Creating Accessible Websites for Everyone

Dates:

Role:

Description:

October 2017

UX Designer, Visual Designer

A google chrome extension that modifies websites to improve accessibility for folks with various disabilities. Built for Dubhacks, a 24 hour hackathon at the University of Washington.

 

The Problem

Folks with disabilities often download multiple web extensions to make websites usable for them. This can include extensions that add alt text to images, change the text (font, size, or color) or enable the use of a screen reader. Having multiple web extensions can be time consuming to set up and become hard to manage.

Research

While looking for a problem to tackle for the hackathon, our team asked a friend who worked with disabled students at the University of Washington (UW) what issues they saw. They brought up that students were downloading multiple google chrome extensions to make websites accessible.

When trying to determine what makes websites accessible, the other designer found simple posters developed by the UK Home Office that highlight different web design dos and donts for specific disabilities.

Using these posters, we created two personas to help guide our feature decisions and UI design.

"Reading online history articles is dumb because the big blocks of text are overwhelming."

Emily Scott
Highschool Student

Dyslexic

Addison Earl

College Student

Blind

Research

While looking for a problem to tackle for the hackathon, our team asked a friend who worked with disabled students at the University of Washington (UW) what issues they saw. They brought up that students were downloading multiple google chrome extensions to make websites accessible.

When trying to determine what makes websites accessible, the other designer found simple posters developed by the UK Home Office that highlight different web design dos and donts for specific disabilities.

poster - designing for users with deafness or who are hard of hearing
poster - designing for users of screen readers
poster - designing for users with low vision
poster - designing for users with dyslexia
poster - designing for users with physical or motor disabilities
poster - designing for users on the autistic spectrum

Using these posters, we created two personas to help guide our feature decisions and UI design.

Ideation

Because our target users already utilize web extensions, we decided to create a google chrome extension. The other designer and I started listing out aspects of websites that we could change and what disability they related to. Our idea was to create different profiles that users could easily select that would align with their general needs. Additional customization would be possible in the settings. The developers then got to work creating an API that utilizes Microsoft Vision and summarized long paragraphs of text.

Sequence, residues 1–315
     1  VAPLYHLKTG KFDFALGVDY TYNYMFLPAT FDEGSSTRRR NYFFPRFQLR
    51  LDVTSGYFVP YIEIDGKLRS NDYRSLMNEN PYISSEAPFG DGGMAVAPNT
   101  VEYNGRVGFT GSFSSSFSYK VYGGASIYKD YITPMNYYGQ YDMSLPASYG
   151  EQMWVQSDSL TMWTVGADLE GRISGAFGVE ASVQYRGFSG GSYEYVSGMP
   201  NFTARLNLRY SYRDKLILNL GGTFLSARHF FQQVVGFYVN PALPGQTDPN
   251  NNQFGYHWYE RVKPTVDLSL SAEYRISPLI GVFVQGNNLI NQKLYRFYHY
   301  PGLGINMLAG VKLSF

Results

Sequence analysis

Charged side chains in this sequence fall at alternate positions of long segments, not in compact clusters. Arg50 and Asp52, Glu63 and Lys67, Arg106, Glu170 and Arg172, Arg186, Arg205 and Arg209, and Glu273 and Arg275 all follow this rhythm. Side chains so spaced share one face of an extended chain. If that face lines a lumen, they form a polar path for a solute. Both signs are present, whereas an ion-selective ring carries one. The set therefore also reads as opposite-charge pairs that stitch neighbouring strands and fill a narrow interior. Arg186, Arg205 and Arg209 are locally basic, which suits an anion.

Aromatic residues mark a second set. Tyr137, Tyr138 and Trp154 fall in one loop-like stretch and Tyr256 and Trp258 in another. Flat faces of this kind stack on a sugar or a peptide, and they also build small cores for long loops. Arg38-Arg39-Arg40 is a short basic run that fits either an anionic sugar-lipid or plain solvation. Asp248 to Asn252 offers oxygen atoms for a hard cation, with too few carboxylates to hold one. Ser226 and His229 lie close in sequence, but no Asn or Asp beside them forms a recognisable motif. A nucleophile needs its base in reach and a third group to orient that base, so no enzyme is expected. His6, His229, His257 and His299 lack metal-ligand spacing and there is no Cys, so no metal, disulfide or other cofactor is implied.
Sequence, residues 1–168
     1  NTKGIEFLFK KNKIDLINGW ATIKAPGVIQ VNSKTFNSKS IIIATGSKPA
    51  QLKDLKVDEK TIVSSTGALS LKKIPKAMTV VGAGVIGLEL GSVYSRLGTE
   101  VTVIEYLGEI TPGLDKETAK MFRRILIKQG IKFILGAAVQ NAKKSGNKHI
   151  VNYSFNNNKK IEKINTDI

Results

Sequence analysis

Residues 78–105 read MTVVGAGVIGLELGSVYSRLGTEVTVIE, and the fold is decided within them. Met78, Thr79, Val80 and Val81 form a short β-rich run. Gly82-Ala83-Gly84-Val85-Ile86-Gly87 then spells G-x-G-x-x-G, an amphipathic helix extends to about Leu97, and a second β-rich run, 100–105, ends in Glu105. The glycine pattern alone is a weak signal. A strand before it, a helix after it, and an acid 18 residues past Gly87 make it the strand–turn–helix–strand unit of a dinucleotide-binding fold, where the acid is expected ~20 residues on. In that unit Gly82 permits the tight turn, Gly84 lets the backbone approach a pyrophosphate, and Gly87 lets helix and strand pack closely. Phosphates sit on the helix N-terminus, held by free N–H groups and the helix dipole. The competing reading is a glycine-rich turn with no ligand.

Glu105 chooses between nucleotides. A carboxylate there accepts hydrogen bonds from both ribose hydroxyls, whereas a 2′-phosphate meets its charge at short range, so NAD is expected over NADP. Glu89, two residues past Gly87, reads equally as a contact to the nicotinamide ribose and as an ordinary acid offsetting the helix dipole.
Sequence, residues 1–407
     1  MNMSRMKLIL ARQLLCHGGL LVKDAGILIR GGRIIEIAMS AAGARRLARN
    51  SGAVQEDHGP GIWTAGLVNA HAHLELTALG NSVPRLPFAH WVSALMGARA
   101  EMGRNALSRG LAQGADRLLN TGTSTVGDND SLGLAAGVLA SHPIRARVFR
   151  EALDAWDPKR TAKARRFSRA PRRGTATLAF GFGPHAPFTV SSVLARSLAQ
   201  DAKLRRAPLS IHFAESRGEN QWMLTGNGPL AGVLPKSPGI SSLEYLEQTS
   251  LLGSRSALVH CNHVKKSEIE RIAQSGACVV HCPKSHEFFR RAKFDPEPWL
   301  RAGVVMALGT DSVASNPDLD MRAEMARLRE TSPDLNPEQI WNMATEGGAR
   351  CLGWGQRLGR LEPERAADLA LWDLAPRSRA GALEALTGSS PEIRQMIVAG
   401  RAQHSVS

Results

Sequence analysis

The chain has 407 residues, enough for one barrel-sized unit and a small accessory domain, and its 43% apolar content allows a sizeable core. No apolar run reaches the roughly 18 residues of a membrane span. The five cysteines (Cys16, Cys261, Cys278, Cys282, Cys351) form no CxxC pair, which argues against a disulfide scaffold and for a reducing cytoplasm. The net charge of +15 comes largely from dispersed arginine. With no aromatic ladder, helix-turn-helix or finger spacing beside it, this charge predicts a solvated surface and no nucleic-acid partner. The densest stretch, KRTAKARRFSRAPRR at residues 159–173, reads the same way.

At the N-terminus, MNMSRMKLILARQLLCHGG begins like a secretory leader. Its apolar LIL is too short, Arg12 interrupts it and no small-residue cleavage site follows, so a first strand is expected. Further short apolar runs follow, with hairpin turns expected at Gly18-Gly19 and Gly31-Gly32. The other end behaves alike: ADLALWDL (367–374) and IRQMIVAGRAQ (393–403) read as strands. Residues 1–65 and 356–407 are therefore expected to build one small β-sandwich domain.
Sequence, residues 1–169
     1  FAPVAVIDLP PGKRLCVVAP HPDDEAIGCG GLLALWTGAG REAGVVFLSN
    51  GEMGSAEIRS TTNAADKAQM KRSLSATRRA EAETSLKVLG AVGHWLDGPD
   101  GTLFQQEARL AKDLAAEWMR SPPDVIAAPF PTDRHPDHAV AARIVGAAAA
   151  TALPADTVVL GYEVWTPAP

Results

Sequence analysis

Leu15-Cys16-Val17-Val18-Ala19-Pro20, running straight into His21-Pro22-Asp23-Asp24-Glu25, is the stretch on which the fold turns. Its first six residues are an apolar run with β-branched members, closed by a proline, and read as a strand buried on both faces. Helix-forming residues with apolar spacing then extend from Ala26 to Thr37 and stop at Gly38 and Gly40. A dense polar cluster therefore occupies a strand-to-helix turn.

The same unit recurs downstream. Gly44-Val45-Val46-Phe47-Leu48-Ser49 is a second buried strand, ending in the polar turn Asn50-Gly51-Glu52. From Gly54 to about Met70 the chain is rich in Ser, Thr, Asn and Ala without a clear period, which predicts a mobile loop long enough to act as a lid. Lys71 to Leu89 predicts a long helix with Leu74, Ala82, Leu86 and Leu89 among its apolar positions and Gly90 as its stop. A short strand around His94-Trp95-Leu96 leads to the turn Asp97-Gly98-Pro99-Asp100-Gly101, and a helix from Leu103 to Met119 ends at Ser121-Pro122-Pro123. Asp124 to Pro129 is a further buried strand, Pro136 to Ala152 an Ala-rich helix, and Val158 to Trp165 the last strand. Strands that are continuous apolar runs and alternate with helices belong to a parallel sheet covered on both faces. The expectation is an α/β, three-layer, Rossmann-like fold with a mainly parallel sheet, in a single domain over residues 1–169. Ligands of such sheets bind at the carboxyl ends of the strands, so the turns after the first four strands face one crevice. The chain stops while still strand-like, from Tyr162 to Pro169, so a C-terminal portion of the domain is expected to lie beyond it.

Simple, non-bright colors

Simple sentences and bullets

Simple, consistent layouts

Alt text

Linear layout

Good contrast and readable fonts

Linear Layout

Large clickable actions

Space around form fields

Subtitles and/or transcripts

Linear, logical layout

Left aligned text and good contrast

Short and simple content

settings high fidelity prototype

High Fidelity

The UI design was limited to the settings page of the extension. We struggled with following all design suggestions to make the page as accessible as possible but also visually appealing.

Visual Design

The color used on the settings page took a long time to settle on. One of our initial ideas was a periwinkle but we decided it didn’t look quite right. Ultimately we settled on an orange. We muted it a bit so it was less bright and we limited the page to three colors.

I created the logo while the other designer focused on front end development. The visual icons for different disability profiles were recreated from the UK Home Office posters using adobe illustrator.

 

The Solution

Users download the app and are able to choose a profile that best fits their needs. Further down the page, they can customize their profile by toggling on and off different changes. We designed this page to be very simple and straightforward.

Changes the google chrome extension implements:

  • Changing the background to white

  • Changing the text to black

  • Changing the text to Verdana

  • Adding more space between lines of text

  • If a paragraph is too long, summarizing it

  • Adding alt text to images without alt text

The API takes large bodies of text and summarizes them by using the first, last, and another important sentence from a paragraph. The API also takes images without alt text and provides alt text for them using the Microsoft Vision API.

 

Currently, the google chrome extension automatically implements all website changes as the settings page is not linked to the extension.

Reflection

I enjoyed the topic of this project, and it was interesting working with developers, as I haven't had much experience working with other disciplines. At the beginning of the project, the other UX designer and I had to convince the rest of our team to start with research and the user, rather than starting with what technology was interesting. This took awhile, but when we showed them the research from the UK Home Office we had found, they started to get excited.

If we had more time, we would have linked the setting page to the extension, so users could pick and choose which changes they need and don't need.

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